Social Security is complicated and there are many factors that have to be accounted for, such as your age, income, marital status, health and life expectancy. According to SSA.gov, the average American retiree’s Social Security benefits account for 40% of their retirement income – meaning it is quite important to file thoughtfully.
There are three main types of social security benefits: benefits for workers, spouses, and survivors.
1. Benefits for workers – You must have worked and contributed to the system for at least 40 quarters to be entitled to your Primary Insurance Amount (PIA) at full retirement age (FRA), somewhere between 66 and 67, depending on the year you were born. You can file as early as 62, but be warned, you’ll be locking in 25% lower payments for life if you do. If you file after full retirement age, then you begin to accrue credits. These credits result in an 8% raise in benefits per year you delay up to age 70.
2. Benefits for spouses – Spousal benefits offer your spouse steady income based on your work record. Your spouse can start collecting at age 62, but you must have filed for benefits first. Unlike the worker benefit, spousal benefits do not earn delay credits, but they can incur reductions if you take spousal benefits before your own FRA.
3. Benefits for survivors – Couples who want to ensure the surviving spouse gets the largest benefit possible after a loss should pay careful attention to the rules that govern the survivor benefits. In this case, delay Social Security increases your own benefit as well as the lifetime benefit for your widow or widower. The survivor’s benefit can begin as early as age 60.
Your loved one will revie whichever is higher: their current benefit or your current benefit. Since the lower benefit will drop off in favor of the higher one, it may not always make sense for a lower earner to delay Social Security.
If you are single, timing is everything when it comes to filing for Social Security. Delaying earns you an extra 8% per year you wait past your full retirement age, up to age 70, plus any cost of living adjustments.
Married couples need to do a little more planning in order to maximize their Social Security benefits. Here are a few common strategies.
1. Main breadwinner delays benefits – If the higher earner delays filing, not only will that person get an increased benefit for every year they wait, but their spouse will also, should they outlive the breadwinner. Many people focus on their individual benefit without considering the survivor benefit. If you take it into account in your calculations, you may find it makes more sense for the lower earner to start benefits as soon as you need income, while the higher earner racks up delayed retirement credits.
2. Maximize spousal benefit – This strategy’s approach is to delay the higher earner’s benefit. Since spousal benefits don’t benefit from delay credits, someone may wish to start their benefit at FRA, allowing their spouse to start their spousal benefit.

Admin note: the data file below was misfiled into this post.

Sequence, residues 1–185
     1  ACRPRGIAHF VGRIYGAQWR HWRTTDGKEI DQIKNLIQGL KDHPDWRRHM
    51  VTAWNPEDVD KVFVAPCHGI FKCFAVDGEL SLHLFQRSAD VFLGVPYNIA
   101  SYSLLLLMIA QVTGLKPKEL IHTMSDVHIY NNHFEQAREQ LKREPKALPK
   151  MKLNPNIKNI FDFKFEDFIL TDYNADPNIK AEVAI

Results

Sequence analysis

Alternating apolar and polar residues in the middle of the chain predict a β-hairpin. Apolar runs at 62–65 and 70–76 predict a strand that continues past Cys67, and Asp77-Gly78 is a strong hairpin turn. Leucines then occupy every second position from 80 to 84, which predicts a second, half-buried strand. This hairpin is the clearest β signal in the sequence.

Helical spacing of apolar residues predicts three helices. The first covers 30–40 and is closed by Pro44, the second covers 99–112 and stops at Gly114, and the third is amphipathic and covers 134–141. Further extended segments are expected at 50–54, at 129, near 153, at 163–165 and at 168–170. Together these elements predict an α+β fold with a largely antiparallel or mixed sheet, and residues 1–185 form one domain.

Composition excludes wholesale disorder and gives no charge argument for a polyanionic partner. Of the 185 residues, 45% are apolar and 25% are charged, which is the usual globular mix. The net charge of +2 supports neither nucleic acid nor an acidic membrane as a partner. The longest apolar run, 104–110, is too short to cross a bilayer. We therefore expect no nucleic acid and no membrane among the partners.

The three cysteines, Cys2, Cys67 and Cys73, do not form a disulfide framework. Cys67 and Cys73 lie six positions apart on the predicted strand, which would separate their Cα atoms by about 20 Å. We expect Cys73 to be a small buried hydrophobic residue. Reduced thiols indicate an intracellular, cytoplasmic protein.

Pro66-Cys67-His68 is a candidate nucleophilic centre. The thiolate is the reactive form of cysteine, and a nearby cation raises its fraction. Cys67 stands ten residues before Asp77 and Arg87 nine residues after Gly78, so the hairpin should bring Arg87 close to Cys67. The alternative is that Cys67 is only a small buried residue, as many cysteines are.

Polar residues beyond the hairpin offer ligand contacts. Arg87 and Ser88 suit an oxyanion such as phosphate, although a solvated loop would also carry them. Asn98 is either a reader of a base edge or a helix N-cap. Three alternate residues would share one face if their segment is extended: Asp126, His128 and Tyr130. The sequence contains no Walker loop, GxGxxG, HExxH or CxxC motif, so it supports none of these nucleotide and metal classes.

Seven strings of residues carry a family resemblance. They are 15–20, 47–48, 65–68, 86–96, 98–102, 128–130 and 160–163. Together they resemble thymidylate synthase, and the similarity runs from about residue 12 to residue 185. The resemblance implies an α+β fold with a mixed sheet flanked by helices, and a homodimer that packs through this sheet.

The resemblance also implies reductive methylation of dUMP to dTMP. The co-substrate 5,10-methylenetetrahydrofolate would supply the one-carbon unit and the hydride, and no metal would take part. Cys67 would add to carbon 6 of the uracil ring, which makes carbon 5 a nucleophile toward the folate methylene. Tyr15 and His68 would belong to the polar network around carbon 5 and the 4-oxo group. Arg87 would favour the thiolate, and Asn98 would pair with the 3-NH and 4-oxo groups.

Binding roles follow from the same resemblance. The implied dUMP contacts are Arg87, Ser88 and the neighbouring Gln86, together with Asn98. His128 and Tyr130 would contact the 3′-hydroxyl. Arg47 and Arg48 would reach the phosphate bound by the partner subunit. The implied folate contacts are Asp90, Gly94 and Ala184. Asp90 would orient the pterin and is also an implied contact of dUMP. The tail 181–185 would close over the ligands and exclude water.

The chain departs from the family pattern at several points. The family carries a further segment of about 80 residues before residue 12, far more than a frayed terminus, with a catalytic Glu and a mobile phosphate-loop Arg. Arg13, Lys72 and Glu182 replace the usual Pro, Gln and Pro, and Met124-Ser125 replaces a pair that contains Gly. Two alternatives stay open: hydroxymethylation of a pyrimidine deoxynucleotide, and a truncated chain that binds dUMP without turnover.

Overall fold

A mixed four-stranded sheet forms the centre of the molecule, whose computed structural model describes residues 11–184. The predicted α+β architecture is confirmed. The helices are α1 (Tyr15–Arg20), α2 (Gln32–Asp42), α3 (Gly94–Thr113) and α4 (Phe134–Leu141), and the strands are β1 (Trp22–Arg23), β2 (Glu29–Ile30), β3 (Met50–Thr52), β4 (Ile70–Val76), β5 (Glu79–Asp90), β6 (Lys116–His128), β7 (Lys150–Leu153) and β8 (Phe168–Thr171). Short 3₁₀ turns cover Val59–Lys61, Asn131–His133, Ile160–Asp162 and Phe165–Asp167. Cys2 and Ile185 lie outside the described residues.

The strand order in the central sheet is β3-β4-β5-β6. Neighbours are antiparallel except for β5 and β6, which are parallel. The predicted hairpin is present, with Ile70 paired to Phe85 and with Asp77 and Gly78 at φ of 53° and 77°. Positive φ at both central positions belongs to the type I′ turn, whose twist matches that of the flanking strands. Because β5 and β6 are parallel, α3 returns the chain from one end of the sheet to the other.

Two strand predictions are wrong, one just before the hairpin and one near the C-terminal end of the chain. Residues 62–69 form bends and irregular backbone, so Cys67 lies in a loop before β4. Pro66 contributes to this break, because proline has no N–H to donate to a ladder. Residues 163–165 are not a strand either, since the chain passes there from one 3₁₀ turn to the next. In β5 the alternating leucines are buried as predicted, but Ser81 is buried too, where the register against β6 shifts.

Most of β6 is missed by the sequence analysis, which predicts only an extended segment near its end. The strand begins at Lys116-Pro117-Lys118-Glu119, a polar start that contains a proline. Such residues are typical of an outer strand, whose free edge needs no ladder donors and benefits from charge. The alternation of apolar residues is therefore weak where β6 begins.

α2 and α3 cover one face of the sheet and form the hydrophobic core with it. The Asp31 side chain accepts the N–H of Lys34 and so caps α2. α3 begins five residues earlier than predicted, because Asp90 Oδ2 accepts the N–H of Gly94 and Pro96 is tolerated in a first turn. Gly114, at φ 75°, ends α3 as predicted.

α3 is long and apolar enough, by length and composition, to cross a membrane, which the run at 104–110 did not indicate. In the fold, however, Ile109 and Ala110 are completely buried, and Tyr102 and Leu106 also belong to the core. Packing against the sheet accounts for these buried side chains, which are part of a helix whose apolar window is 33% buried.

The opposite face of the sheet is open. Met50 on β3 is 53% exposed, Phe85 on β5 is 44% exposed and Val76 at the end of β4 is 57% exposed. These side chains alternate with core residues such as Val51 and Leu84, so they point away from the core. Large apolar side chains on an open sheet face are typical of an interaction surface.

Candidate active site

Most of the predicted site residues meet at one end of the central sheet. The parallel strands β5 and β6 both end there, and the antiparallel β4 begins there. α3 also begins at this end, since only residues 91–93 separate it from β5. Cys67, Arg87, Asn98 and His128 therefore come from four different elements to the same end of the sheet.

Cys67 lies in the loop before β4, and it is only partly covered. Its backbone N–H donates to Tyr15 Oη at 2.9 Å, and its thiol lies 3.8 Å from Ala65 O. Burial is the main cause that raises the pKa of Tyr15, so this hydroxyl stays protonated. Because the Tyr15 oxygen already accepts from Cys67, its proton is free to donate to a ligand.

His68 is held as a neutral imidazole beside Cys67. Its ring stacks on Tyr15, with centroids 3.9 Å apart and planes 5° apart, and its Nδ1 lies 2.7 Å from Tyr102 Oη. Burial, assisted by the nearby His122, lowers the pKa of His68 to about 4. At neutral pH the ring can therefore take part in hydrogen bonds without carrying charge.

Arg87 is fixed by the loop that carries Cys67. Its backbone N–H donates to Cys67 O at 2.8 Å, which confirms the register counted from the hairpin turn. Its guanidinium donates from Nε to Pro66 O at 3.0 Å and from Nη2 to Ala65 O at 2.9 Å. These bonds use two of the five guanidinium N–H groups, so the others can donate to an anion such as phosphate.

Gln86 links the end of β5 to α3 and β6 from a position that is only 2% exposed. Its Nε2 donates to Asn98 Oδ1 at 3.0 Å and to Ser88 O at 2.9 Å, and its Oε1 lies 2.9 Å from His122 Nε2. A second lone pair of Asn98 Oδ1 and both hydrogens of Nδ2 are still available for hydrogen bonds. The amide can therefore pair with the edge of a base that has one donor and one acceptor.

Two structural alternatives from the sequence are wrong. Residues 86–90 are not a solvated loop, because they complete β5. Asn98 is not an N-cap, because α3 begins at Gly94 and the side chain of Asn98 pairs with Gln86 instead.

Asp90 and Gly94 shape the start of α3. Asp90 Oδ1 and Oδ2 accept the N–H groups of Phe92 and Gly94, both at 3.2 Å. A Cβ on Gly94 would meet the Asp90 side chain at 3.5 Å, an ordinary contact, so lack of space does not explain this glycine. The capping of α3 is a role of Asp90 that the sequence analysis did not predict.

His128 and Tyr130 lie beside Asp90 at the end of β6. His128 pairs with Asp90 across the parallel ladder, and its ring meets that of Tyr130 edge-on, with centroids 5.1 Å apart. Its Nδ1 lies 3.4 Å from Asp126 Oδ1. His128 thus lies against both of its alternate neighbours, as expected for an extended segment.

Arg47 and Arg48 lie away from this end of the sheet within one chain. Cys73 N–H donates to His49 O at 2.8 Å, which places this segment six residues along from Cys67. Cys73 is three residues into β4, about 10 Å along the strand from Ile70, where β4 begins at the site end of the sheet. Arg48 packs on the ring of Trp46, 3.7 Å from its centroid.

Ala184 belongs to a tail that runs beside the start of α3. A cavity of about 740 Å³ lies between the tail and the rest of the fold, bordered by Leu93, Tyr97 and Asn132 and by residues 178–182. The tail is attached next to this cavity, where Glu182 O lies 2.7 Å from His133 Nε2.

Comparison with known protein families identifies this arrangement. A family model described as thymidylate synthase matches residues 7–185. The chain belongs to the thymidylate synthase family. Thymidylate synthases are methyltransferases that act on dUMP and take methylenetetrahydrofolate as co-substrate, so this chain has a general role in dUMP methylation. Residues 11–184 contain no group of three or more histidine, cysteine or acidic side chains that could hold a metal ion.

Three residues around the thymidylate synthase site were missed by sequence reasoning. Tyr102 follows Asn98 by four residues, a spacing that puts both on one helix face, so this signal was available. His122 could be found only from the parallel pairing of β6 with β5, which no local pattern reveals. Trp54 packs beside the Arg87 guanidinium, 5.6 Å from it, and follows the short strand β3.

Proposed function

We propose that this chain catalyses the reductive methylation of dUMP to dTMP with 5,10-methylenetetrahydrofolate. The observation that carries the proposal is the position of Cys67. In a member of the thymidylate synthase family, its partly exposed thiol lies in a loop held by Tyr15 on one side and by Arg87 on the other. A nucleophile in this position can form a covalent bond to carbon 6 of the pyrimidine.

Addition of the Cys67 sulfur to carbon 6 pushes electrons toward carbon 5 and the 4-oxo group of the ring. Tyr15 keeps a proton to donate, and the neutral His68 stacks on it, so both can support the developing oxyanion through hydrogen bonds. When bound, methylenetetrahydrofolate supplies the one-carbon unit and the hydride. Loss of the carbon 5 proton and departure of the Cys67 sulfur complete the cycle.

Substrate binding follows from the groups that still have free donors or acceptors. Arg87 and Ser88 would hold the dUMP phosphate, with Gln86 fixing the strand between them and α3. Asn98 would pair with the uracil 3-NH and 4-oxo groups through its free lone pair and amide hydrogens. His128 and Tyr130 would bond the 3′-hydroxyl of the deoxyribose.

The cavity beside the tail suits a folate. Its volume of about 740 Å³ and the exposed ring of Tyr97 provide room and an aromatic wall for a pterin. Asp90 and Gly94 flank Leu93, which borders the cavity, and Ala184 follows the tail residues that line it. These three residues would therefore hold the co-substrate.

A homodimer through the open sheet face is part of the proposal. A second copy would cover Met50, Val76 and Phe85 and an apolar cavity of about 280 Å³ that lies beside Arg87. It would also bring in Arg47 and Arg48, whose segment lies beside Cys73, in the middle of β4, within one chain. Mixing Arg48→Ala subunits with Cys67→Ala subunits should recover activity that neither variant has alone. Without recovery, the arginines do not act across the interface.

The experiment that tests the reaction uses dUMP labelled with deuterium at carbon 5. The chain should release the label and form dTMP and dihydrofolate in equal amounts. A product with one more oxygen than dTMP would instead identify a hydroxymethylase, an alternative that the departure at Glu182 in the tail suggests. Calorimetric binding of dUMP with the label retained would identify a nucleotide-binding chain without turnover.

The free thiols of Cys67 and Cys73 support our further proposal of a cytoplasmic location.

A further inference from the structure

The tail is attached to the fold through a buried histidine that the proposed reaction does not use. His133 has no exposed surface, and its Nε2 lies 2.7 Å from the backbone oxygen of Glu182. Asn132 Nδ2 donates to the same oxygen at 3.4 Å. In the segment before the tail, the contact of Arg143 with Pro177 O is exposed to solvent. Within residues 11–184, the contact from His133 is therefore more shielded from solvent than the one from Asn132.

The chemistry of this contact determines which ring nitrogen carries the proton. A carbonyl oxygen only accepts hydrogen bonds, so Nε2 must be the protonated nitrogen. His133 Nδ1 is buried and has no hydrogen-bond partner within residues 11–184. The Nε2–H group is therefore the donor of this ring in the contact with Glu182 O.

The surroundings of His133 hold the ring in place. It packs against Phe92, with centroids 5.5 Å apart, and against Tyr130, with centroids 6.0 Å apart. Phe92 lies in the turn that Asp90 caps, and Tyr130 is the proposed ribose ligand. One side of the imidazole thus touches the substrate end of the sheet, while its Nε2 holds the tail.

There is one twist here, however. Those born before January 1, 1954 get a choice between filing for their own benefits or spousal benefits when they reach FRA. Everyone else will be deemed to be applying for both and will automatically receive the higher of the two benefits.
Much like Social Security, life has its own twists and turn. Should you find your circumstances changing there are strategies that can help you avoid short term financial hardship and solidify long-term retirement income through the transition.
One thing you can do is file on your ex’s record. It is a similar process to filing for spousal benefits, except you must have been married for at least 10 years and remain unmarried while you collect on your ex’s record. If you have been divorced for two years, your ex doesn’t even have to file for benefits for you to qualify. They merely must be eligible (at least 62) for benefits. Plus, your ex-spousal benefits in no way affect your ex’s benefits or any benefits that would be owed to a future spouse. You can even collect if your ex remarries.
For widows and widowers under age 60 who have worked for at least 10 years, you have choices to make between your survivor and worker benefits. Typically, you’d claim the higher of the two when you initially file, but in some cases, you can integrate both.
Widows and widowers are among the few who can claim benefits before age 62, so you have the option to start your survivor benefit at the earliest age possible – age 60 – and switch to your own worker benefit when you turn 70, once it will reach its maximum thanks to the delayed retirement credits and cost of living adjustments.
You have options to help you and/or your spouse maximize your benefits. Remember, there is no “best” strategy for every person out there. The right strategy will vary greatly depending on the many factors that play into Social Security.
You can find out your expected Primary Insurance Amount (PIA) by signing up for a Social Security account and monitoring your benefit at ssa.gov. You can run what-if scenarios with your advisor and map out the variety of options you have.
Sources: Prudential; ssa.gov
Individual cases will vary. Any information is not a complete summary or statement of all available data necessary for making an investment decision and does not constitute a recommendation. Prior to making any investment decision, you should consult with your financial advisor about your individual situation.